Parents, what do you serve for dinner most often?

    A. Fast food picked up on the way home from work
    B. Boxed or frozen convenience meals
    C. Home-delivered pizza
    D. A well-balanced home-cooked meal
    E. Whatever! Everyone fends for themselves.

You probably know that “D” is the healthiest answer, but you may not know that meals cooked at home have an impact that goes far beyond their nutritional value.

Parents who spend more time in food preparation have children who make healthier food choices, researchers at Pennsylvania State University have found. We all have days when cooking food for our families is a chore we'd like to skip, but it really does offer long-term dividends.

Researchers at Penn State had about 60 children between the ages of four and six visit their lab. The kids were able to eat as much or as little of any of the foods they laid out. The treats included a range of foods like chicken nuggets, chocolate chip cookies, grapes, and broccoli.

The time parents spend preparing food at home also influences kids’ food choices away from home.

The children were allowed eat whatever they wanted without any adult or parental oversight. Their choices were recorded by observers hidden behind a one-way mirror.

While the children were enjoying their snacks, their parents answered questions about their child’s food likes, dislikes, and eating habits, the home food environment, and the family’s socioeconomic situation.

What the researchers found was that children whose parents spent more time cooking at home chose healthier foods compared to kids whose parents ordered in or ate out more often. The fact that the children who ate healthier were away from home and had no parental supervision led the researchers to conclude that the time parents spend preparing food at home also influences kids’ food choices away from home.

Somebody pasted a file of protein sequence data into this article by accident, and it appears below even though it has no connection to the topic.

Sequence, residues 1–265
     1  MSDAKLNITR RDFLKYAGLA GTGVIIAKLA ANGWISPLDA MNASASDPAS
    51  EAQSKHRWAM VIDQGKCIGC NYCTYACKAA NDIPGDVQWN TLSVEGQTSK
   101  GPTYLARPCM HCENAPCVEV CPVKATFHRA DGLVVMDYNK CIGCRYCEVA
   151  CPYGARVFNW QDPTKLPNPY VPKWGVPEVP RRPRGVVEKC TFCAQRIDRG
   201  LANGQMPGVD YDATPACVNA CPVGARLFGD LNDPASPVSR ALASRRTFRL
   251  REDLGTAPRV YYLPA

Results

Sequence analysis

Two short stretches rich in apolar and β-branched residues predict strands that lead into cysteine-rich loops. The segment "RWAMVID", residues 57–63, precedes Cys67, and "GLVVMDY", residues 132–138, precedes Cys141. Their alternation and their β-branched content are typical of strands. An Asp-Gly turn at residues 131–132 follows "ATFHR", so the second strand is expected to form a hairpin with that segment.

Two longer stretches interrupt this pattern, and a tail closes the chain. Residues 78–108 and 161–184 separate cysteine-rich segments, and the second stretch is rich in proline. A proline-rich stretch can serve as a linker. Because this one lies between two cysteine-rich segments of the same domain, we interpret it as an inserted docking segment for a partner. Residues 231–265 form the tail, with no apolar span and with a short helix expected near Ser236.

“In general, research shows that children tend to eat inadequate amounts of nutrient-rich foods while eating large amounts of sugary and fatty foods,” said Catherine Shehan, lead author of the study, in a statement. “It's encouraging to see that parents can possibly affect the quality of their children's food choices outside the home by spending more time cooking.”

The message for parents is quite clear: If you want your kids to eat better and be equipped to choose healthier foods when they aren’t with you, spend the time to prepare food at home.

That doesn’t mean parents need to toil for hours in the kitchen every day. What's important for children is seeing their mom or dad prepare meals rather than bringing home fast food, microwaving a frozen meal, or ordering pizza.

Healthy meals are possible even with parents’ busy schedules. Yes, it will take a little planning but there are many resources available for those who need help to get started.

Many websites provide recipes for quick and healthy meals, including crock pot meals or a month’s worth of menus. Both can be modified as needed to meet the family’s preferences.

“Once a month meals” — where you prepare and freeze a month of meals in one day — are catching on, and there are websites with instructions for that, too.

Browse through a book store or library for cookbooks or meal planning guides. Watch for local universities and hospitals to offer healthy cooking classes.

Kids learn about the importance of food and good eating when they see a parent planning meals, shopping for food, and cooking. Let kids help with the planning and preparation. Ask them for ideas and discuss healthy options. Give them age-appropriate chores when preparing meals. These activities improve the odds that a child will learn to eat and to choose healthy foods.

Shehan added, “Even after controlling for family income and whether or not children had a parent at home full time, we found that children whose parents spend more time cooking make better choices. Our food preferences develop early in life, so getting young children to eat nutritious foods can help them stay healthy in the long run.”

The research was presented recently at the Annual Meeting of the Society for the Study of Ingestive Behavior in Seattle, Washington.